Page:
11 May 2010
Hong Kong is one of the most competitive and mature telecoms markets in the world. Although operators in Hong Kong have traditionally received more revenues from post-paid services, prepaid is becoming increasingly important as competition increases and subscribers become more conscious of their communication spend.
Hong Kong’s mobile penetration rate is over 170% and still rising. The number of prepaid subscribers grew to more than 5.8 million as of the end of 2009. Prepaid mobile’s share of total mobile connections increased from 20% in 2002 to almost half by the end of 2009.
Prepaid will continue to grow steadily. However, considering the maturity and limited size of the market, there is limited room for new user growth other than attracting existing post-paid subscribers or providing new prepaid services such as high-speed mobile broadband. We see visitors and foreign domestic helpers (FDHs) as the main segments for prepaid business in Hong Kong.
Operators are realizing the important role of prepaid services in competitive differentiation and revenue generation as the Hong Kong market becomes more saturated and competition intensifies. This can be seen by the increasing number of prepaid offerings and market promotions, emerging prepaid price wars, and falling prepaid ARPU.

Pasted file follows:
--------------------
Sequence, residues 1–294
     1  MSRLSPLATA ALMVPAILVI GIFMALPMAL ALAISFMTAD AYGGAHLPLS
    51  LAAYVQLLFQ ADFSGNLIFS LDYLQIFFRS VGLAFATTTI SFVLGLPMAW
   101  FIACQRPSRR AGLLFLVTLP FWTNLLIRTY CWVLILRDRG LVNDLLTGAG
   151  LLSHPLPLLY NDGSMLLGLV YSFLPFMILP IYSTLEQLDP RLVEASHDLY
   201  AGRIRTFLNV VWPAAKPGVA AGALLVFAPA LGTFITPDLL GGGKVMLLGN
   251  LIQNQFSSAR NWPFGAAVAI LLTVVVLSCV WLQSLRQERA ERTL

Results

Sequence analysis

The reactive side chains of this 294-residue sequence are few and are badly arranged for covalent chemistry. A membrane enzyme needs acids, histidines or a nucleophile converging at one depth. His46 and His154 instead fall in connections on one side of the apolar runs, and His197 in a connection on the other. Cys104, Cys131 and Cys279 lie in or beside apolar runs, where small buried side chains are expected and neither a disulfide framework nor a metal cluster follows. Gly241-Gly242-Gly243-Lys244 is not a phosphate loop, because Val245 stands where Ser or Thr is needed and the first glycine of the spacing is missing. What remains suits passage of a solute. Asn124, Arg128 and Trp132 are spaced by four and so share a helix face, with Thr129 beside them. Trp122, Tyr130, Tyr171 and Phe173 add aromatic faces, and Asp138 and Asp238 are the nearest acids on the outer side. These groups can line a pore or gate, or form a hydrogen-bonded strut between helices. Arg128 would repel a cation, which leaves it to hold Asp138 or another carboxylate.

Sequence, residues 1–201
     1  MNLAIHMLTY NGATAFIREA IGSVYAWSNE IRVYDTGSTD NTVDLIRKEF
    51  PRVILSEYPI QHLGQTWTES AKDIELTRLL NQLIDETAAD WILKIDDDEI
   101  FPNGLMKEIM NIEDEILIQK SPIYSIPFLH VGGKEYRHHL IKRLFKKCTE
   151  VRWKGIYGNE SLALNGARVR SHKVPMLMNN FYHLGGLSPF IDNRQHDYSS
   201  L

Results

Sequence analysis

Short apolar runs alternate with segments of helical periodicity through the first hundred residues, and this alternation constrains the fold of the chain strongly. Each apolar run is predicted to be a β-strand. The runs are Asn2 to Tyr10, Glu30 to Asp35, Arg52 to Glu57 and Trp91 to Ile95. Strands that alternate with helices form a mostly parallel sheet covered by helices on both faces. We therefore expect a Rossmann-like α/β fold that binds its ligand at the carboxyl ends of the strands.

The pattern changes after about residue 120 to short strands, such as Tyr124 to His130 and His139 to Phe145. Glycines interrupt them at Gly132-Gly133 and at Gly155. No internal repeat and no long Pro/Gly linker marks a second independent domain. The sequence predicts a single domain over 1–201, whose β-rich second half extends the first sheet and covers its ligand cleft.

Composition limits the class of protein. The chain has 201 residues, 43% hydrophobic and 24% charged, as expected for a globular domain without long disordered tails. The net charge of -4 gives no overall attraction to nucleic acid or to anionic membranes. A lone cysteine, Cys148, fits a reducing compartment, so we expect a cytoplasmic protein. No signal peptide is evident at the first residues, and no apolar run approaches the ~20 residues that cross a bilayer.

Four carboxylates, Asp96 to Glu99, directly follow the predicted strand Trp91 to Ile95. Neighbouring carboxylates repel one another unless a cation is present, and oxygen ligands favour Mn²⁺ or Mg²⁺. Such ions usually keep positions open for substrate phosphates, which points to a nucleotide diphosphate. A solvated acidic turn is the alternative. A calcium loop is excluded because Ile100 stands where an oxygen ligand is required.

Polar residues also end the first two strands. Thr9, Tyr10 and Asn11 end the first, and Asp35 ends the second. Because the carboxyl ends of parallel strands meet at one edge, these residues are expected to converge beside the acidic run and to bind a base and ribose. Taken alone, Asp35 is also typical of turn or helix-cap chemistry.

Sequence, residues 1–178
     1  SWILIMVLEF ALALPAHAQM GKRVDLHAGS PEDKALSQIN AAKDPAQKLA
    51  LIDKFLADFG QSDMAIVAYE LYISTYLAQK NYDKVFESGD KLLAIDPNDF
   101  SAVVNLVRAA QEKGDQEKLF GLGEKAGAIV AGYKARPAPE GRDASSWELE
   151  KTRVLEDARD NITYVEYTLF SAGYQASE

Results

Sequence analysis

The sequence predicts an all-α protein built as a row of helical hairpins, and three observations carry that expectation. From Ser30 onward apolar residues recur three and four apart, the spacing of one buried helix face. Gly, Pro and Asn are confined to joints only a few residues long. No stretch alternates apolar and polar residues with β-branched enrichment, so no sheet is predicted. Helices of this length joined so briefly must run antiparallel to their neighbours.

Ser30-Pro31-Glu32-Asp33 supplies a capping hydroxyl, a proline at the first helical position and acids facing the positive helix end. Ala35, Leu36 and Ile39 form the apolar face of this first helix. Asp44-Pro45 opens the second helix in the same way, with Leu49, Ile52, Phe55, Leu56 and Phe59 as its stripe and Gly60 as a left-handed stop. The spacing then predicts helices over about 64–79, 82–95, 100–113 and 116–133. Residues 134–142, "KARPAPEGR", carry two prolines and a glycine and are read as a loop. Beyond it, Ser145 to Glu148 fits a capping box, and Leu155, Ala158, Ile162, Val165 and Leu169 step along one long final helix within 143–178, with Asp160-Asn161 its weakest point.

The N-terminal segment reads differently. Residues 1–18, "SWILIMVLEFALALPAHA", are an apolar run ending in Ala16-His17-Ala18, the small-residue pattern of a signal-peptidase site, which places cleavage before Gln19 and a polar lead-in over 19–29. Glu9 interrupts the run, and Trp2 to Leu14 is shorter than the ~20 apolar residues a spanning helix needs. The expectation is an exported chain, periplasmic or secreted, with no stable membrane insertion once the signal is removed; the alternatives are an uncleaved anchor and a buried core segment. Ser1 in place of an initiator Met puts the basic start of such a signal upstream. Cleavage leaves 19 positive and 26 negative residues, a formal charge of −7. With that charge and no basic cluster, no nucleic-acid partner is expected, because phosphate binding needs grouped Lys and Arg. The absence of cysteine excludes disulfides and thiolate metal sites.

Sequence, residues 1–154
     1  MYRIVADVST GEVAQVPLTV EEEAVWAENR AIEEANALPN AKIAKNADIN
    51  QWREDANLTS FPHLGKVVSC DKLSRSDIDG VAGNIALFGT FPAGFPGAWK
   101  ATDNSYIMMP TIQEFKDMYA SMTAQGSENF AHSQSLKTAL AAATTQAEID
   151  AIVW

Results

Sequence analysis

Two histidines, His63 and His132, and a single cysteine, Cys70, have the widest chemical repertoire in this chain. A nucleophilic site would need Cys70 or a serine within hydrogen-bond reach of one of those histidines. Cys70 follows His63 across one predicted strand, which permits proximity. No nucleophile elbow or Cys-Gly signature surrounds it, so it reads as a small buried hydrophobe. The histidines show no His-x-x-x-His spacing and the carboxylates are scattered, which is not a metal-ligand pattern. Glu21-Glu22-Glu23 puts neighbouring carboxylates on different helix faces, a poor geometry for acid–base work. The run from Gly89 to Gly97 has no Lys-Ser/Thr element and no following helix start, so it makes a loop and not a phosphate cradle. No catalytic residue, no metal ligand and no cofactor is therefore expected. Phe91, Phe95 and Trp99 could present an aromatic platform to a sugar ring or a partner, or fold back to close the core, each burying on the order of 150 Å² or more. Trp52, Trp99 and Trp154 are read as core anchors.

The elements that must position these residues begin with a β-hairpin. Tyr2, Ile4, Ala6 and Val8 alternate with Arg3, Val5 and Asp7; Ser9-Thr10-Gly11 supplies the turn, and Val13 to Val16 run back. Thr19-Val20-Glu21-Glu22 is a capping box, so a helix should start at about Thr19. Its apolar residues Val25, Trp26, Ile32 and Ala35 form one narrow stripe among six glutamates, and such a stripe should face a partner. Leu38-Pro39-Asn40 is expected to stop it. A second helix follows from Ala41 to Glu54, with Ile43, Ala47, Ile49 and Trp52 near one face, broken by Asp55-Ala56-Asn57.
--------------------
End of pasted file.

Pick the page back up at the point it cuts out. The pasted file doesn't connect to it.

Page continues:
Domestic operators are also facing retail competition from operators in other countries, such as China Mobile and China Unicom from mainland China, and Smart and Globe from the Philippines. Moreover, subscribers have become more conscious of their communication spend as the Hong Kong economy has been negatively affected by the global financial crisis.
Operators need to develop more prepaid services targeted at selected segments
Although operators have begun to realize its importance, they need to improve the revenue-generating capability of their prepaid business. Prepaid ARPU is much lower and is declining faster than post-paid ARPU in Hong Kong.
For example, Hutchison’s post-paid ARPU was almost nine times larger than its prepaid ARPU at the end of 2008, and its post-paid ARPU has been relatively stable while prepaid ARPU has declined significantly in the same period.
This is a result of price pressures and product positioning. Limited prepaid service offerings and the lack of marketing effort compared to postpaid have also restricted the development of prepaid.